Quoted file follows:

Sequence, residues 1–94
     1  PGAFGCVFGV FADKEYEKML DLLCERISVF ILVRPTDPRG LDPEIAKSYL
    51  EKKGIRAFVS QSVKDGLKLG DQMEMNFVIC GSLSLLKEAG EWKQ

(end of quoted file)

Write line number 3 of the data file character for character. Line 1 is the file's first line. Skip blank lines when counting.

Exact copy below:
    51  EKKGIRAFVS QSVKDGLKLG DQMEMNFVIC GSLSLLKEAG EWKQ